A Discovery of Witches by Deborah Harkness

When I picked up A Discovery of Witches, a tale of witches, vampires, daemons and the like, told over 688 pages, I knew that things would go one of two ways. I would either throw in the towel very quickly or I would be swept away and race through the pages.

I’m pleased to be able to say that it was the latter.

I raced through A Discovery of Witches and, though it had failings, I loved it anyway.

It helped, I’m sure, that the story began with a book in a library.

“The leather-bound volume was nothing remarkable. To an ordinary historian it would have looked no different from hundreds of other manuscripts in Oxford’s Bodleian Library, ancient and worn, but I knew there was something odd about it from the moment I collected it”.

That book was requested by Diana Bishop, a historian from Harvard, who is visiting Oxford to further her research into the history of alchemy.

That book had been long-lost, but it reappeared because Diana is also a witch.  A witch descended from long and distinguished line, going back to the Bishops and Proctors of the Salem Witch Trials.

That book drew out the magical powers that Diana had long fought to suppress. And it drew the attention of others – witches, vampires, daemons – who all wanted the knowledge it held, and would go to extraordinary lengths to get it.

It soon became clear that Diana was in serious danger.

Matthew Clairmont, a distinguishes academic and a vampire since the early middle ages, became her protector. He had beauty, elegance, taste, wealth, and centuries of experience and knowledge to call upon. But he was a vampire, with all that entails.

Diana and Matthew completely contravened the ancient laws concerning relationships between different creatures, as they fell in love, as they struggled to evade their enemies, as they tried to uncover the secrets contained in that mysterious book …

The mixture of history, mystery, adventure and romance was wonderful.

Deborah Harkness writes very well, and it is clear that she has done so much research, that she loves what she writes, and that she has attended to every detail.

The world that she has created is so rich and perfectly realised. Characters, locations, cultures – everything!  I found so much to love as the story unfolded and the big picture grew and grew.

I loved the juxtaposition of the mundane and the fantastical: witches on yoga mats, for example!

I loved the  wealth of history, that Diana knew through books and Matthew knew through experience.

I loved the myriad possibilities were opened up by some very clever plotting.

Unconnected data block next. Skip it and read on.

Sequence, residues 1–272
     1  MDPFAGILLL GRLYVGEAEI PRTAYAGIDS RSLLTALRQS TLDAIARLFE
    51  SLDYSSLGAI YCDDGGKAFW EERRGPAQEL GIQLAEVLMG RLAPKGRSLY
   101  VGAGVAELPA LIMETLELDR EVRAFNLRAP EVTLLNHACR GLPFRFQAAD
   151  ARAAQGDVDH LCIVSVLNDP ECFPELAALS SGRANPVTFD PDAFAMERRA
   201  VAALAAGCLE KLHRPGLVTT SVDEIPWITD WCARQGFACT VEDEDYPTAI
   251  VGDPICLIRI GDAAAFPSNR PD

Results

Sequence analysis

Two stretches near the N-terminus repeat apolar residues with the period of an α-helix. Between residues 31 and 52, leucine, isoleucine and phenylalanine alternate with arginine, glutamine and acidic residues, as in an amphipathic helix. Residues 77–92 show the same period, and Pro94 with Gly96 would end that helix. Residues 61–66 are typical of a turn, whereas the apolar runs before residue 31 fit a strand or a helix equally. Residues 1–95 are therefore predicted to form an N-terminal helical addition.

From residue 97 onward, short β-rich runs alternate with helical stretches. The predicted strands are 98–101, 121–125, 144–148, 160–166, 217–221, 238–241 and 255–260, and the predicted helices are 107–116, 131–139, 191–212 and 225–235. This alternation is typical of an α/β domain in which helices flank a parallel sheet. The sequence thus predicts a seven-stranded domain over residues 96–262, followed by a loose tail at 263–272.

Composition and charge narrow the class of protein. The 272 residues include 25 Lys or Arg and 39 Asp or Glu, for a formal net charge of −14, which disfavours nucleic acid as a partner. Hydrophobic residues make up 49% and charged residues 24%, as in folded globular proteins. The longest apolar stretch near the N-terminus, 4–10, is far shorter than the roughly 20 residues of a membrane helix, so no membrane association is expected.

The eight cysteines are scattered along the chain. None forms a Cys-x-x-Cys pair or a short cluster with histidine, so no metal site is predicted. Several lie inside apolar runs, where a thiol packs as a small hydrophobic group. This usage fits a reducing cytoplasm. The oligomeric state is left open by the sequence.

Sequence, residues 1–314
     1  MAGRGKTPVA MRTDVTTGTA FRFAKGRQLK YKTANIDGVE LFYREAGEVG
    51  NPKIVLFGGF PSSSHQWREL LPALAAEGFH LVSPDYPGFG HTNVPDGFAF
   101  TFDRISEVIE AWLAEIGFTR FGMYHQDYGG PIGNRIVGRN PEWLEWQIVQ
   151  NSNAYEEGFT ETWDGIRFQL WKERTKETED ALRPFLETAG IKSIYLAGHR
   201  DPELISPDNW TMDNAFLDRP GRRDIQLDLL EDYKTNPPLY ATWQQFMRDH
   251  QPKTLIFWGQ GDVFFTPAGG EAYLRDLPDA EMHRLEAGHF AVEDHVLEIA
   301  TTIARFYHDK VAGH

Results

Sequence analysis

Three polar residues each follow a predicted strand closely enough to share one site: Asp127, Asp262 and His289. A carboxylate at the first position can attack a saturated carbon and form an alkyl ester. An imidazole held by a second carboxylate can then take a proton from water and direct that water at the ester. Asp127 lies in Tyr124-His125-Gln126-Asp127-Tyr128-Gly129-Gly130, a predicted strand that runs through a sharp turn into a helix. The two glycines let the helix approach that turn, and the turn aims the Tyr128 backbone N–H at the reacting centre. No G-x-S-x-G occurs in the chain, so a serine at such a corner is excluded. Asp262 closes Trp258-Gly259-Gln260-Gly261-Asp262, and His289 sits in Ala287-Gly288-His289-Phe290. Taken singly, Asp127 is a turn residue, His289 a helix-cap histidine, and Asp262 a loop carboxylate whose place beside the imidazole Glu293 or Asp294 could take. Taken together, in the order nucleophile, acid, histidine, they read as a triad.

And most of all I loved the wonderful storytelling and the world I was drawn into.

At times the story got bogged down: a few too many romantic clichés, a few too many irrelevant details. But I held on. Because I was enjoying a wonderful entertainment. Because I never stopped wanting to know what would happen next.

I was hooked until the very end. An ending that is also the beginning of a bigger story.

It left me still wanting to know what happens next, so roll on the second book in the trilogy!

11 responses

  1. I managed 60 or so pages before I threw in the towel. Since then several whose opinions I value have liked it so I will probably try again at some stage.

  2. I did enjoy it, especially the last section at the house in New England, but there were a lot of occasions when I thought someone should have slapped Diana because she was behaving more like a Victorian maiden with the vapours than the descendent of powerful witches!
    With that magical lineage you would have thought that she could grow a bit more backbone!

  3. I like this cover – very different from the one I read! I surprised myself by enjoying this so much – I picked it up for the Bodleian connection – I would never normally read a vampire book and had never done so before. Wonder if I’ll pick up v.2 when it comes out

  4. I picked this up in a bookshop, almost bought it and then didn’t. I think I’m a bit vampired out after The Historian, but if you rate it I’ll give it a go.

  5. I loved the Oxford setting… hard to go wrong with that. I listened to it on audio, which made the length far less of an issue.

  6. Pingback: A Discovery of Witches by Deborah Harkness | Iris on Books

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